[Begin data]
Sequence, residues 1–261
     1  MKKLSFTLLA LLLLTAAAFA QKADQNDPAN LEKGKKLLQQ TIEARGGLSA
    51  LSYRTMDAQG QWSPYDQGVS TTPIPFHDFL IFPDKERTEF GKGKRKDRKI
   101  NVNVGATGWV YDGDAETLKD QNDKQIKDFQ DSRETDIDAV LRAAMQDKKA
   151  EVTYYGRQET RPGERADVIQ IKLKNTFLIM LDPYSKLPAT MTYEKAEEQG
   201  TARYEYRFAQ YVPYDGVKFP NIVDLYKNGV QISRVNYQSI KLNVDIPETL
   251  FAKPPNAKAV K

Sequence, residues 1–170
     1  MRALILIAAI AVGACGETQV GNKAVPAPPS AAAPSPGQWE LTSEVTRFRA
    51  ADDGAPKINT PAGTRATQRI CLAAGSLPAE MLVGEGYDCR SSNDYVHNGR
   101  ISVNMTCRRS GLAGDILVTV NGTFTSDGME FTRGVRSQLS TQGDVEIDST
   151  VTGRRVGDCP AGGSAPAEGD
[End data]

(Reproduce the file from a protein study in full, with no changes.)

Sequence, residues 1–261
     1  MKKLSFTLLA LLLLTAAAFA QKADQNDPAN LEKGKKLLQQ TIEARGGLSA
    51  LSYRTMDAQG QWSPYDQGVS TTPIPFHDFL IFPDKERTEF GKGKRKDRKI
   101  NVNVGATGWV YDGDAETLKD QNDKQIKDFQ DSRETDIDAV LRAAMQDKKA
   151  EVTYYGRQET RPGERADVIQ IKLKNTFLIM LDPYSKLPAT MTYEKAEEQG
   201  TARYEYRFAQ YVPYDGVKFP NIVDLYKNGV QISRVNYQSI KLNVDIPETL
   251  FAKPPNAKAV K

Sequence, residues 1–170
     1  MRALILIAAI AVGACGETQV GNKAVPAPPS AAAPSPGQWE LTSEVTRFRA
    51  ADDGAPKINT PAGTRATQRI CLAAGSLPAE MLVGEGYDCR SSNDYVHNGR
   101  ISVNMTCRRS GLAGDILVTV NGTFTSDGME FTRGVRSQLS TQGDVEIDST
   151  VTGRRVGDCP AGGSAPAEGD